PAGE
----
The Czech Republic has friendly relations with all of its neighbors, and none of its borders are in question. The Czech Republic is a member of the UN and OSCE and has contributed to numerous peacekeeping operations, including IFOR/SFOR in Bosnia as well as Desert Shield/Desert Storm.
Principal Government Officials
President--Vaclav Havel (Independent)
The Czech Republic maintains an embassy at 3900 Spring of Freedom
Street, NW, Washington, DC 20008, (tel. 202-274-9101).
Of the emerging democracies in central and eastern Europe, the Czech Republic has one of the most developed industrialized economies. Its strong industrial tradition dates to the 19th century, when Bohemia and Moravia were the economic heartland of the Austro-Hungarian Empire. Today, this heritage is both an asset and a liability. The Czech Republic has a well-educated population and a well- developed infrastructure, but its industrial plants and much of its industrial equipment are obsolete.
According to the Stalinist development policy of planned interdependence, all the economies of the socialist countries were linked tightly with that of the Soviet Union. With the disintegration of the communist economic alliance in 1991, Czech manufacturers lost their traditional markets among former communist countries to the east, some of which still owe the former Czechoslovakia sizable debts.
The Czech Republic is reducing its dependence on highly polluting low-grade brown coal as a source of energy. Nuclear energy presently provides about 25% of total power needs, and its share is projected to increase to 40%. Norway (via pipelines through Germany) and Russia also supply the Czech Republic with liquid and natural gas.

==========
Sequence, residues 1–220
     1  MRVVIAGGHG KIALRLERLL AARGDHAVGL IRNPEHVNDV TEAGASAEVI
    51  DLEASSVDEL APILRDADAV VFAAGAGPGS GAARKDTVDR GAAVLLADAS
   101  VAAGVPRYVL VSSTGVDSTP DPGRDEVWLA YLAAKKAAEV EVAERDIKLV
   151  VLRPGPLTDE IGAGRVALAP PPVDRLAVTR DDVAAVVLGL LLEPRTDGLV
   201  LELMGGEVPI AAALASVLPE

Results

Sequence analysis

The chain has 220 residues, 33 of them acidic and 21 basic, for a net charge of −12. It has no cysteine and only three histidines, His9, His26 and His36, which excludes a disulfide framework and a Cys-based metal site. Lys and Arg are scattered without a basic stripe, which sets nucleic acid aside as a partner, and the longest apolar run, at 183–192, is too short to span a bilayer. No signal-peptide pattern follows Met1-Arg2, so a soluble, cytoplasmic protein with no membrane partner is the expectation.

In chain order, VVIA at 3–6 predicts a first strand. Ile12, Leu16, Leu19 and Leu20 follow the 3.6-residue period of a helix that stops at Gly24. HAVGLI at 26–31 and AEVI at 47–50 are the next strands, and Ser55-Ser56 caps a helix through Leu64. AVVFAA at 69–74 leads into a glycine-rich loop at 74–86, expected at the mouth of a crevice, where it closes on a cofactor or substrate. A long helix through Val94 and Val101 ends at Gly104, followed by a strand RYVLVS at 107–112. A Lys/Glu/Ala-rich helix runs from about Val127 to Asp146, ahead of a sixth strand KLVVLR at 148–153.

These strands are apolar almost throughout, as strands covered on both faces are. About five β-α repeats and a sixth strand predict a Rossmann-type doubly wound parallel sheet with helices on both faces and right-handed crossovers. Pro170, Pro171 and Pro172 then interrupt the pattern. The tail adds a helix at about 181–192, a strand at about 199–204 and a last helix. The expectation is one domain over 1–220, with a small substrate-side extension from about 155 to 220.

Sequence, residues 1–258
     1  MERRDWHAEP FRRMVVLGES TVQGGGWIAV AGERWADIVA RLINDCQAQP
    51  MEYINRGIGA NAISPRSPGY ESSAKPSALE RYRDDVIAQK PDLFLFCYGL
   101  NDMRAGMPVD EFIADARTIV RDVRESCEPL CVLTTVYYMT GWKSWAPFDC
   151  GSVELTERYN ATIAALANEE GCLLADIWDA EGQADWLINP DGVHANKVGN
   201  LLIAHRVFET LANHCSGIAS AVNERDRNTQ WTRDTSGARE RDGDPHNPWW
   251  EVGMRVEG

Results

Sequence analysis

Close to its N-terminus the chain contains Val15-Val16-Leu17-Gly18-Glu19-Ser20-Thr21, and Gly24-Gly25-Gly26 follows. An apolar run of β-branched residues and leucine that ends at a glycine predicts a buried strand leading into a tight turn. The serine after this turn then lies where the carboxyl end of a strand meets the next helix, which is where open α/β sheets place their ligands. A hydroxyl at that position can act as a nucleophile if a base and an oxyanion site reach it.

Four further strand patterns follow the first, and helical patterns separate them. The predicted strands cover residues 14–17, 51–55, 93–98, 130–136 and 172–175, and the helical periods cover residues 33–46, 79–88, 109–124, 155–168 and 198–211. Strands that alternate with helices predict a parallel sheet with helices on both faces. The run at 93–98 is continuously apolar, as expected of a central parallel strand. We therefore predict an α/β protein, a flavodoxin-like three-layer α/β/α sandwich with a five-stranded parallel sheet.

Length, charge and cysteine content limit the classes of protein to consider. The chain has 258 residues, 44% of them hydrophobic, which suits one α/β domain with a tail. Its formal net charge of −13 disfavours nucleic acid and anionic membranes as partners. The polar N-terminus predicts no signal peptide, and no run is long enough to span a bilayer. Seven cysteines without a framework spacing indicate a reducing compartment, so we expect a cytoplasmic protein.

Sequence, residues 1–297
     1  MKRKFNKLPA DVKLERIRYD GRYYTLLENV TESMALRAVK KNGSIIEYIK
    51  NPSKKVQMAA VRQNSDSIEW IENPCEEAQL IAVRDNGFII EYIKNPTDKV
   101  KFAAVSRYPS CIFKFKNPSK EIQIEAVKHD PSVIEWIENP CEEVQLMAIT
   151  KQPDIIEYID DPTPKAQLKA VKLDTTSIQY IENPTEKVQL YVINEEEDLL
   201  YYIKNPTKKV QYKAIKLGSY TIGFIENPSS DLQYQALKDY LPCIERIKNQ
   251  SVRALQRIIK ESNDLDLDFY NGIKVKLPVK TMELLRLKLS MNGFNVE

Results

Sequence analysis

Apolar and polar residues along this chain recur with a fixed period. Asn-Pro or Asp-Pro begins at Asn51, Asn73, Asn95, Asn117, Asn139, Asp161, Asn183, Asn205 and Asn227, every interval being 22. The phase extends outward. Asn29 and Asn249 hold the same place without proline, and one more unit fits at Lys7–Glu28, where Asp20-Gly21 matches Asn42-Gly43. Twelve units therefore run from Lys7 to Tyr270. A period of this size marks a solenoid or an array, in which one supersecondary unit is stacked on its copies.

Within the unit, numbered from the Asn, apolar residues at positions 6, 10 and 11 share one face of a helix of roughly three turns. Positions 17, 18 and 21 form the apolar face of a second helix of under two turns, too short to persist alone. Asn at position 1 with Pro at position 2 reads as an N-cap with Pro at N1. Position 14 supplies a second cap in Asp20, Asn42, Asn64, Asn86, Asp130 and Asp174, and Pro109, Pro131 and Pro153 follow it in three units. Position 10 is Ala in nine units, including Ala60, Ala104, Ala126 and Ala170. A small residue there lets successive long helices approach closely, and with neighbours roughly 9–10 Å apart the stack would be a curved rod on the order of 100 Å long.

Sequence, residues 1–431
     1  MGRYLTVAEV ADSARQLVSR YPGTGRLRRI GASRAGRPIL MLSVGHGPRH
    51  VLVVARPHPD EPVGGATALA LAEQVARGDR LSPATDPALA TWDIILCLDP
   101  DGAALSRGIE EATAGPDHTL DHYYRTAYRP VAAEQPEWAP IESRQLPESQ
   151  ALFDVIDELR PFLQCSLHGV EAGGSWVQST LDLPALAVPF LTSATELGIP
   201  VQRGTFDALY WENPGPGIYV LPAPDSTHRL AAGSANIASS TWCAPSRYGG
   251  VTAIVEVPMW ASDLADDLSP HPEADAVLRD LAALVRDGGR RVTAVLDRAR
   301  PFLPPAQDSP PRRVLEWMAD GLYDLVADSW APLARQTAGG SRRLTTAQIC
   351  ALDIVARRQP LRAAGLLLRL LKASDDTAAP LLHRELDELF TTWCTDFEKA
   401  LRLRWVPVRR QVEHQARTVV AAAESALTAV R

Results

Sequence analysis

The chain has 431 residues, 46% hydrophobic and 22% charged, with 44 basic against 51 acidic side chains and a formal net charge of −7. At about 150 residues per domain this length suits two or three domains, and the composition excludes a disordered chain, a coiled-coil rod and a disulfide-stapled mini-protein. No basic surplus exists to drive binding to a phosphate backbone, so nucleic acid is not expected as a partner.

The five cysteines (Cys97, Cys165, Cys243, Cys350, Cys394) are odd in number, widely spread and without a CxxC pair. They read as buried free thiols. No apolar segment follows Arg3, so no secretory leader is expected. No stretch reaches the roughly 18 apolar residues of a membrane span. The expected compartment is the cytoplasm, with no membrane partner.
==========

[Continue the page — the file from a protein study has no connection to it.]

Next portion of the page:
The principal industries are heavy and general machine-building, iron and steel production, metalworking, chemicals, electronics, transportation equipment, textiles, glass, brewing, china, ceramics, and pharmaceuticals. Its main agricultural products are sugarbeets, fodder roots, potatoes, wheat, and hops.
The "Velvet Revolution" in 1989 offered a chance for profound and sustained economic reform. Signs of economic resurgence began to appear in the wake of the shock therapy that the International Monetary Fund (IMF) labeled the "big bang" of January 1991. Since then, astute economic management has led to the liberalization of 95% of all price controls, annual inflation in the 10% range, modest budgetary deficits, low unemployment, a positive balance-of-payments position, a stable exchange rate, a shift of exports from former communist economic bloc markets to Western Europe, and relatively low foreign debt.
Particularly impressive have been the Republic's strict fiscal policies. Following a series of currency devaluations, the crown has remained stable in relation to the U.S. dollar. The Czech crown became fully convertible for most business purposes in late 1995.